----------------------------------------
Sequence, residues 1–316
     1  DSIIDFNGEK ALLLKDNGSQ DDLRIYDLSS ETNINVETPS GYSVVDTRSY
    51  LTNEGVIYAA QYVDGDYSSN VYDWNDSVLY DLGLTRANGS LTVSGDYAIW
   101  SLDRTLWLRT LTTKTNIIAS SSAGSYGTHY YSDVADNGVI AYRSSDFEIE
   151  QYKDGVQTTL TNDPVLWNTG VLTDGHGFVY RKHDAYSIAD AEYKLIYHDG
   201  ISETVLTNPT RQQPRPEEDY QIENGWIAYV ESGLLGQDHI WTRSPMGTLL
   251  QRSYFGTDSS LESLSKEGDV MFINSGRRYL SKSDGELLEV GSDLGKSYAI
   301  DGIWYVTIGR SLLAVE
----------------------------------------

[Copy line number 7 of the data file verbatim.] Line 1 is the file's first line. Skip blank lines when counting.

   251  QRSYFGTDSS LESLSKEGDV MFINSGRRYL SKSDGELLEV GSDLGKSYAI